THE CRIMSON BOOKSHELF
JOTS AND TITLES
A new thing has come into our hands. We are surprised that it has not been discovered by Cambridge ere this; and hereby introduce it with a generous meed of praise. It is "The Measure", a journal of poetry that has just published its twentieth number. And not the least admirable thing about it is the fact that Joseph Auslander and Padraic Colum are among the editors thereof.
We quote from Auslander, who is acting editor for the present quarter: "In order that the editorship shall not be one-sided, the nine poets who founded the magazine . . . elect an acting editor quarterly and give him power of life and death over submitted poems. . . . We are all somewhat tired of Whitmanesque mock heroics and bangwhanging; tired of stereotyped rhymes and consolations; tired of seven-day reputations stuffed with bran and hung with cowbells . . ."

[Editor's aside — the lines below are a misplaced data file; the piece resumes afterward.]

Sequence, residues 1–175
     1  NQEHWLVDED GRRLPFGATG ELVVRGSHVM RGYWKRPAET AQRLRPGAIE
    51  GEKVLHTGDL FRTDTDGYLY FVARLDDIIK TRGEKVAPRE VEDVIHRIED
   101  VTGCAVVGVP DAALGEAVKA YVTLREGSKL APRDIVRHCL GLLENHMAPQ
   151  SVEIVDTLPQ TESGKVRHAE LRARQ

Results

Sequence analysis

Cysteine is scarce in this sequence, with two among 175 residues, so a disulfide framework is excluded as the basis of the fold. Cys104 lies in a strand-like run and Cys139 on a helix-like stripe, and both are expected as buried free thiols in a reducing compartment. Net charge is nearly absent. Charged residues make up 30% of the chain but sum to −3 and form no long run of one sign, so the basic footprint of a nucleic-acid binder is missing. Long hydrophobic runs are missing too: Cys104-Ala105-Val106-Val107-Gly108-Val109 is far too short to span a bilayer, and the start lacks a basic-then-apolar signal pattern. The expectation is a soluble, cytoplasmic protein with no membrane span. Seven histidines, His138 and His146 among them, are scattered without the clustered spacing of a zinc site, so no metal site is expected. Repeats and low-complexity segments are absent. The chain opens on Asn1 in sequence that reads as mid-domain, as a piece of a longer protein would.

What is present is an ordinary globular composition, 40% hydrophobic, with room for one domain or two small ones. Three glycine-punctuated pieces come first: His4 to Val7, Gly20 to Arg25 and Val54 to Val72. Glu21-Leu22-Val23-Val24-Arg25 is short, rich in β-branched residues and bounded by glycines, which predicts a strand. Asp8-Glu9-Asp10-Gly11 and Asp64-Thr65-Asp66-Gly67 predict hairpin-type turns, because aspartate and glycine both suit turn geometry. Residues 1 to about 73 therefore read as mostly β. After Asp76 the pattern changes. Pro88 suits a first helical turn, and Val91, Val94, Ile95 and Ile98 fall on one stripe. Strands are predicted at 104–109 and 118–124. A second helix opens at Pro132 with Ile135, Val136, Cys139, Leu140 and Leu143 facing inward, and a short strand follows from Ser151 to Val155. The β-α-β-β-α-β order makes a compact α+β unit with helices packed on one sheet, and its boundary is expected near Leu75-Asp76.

We are glad to see "The Measure". Its poetry has no moaning pseudo-intellectuality about it--and the quarterly change of editorship assures it that constant freshness without which all poetry might as well go hang itself. The October number is especially interesting because of contributions by Malcolm Vaughan and Royall Snow both recent Harvard graduates.
Following in the footsteps of Don Marquis, we also add our feeble praise to the "admirable catholicity of taste" of "The Measure". It seems to be one of the few very few, publications that has so far kept its fingers free from the taint of Midas and its mind clear of the mists of materialism. It should be better known in Cambridge.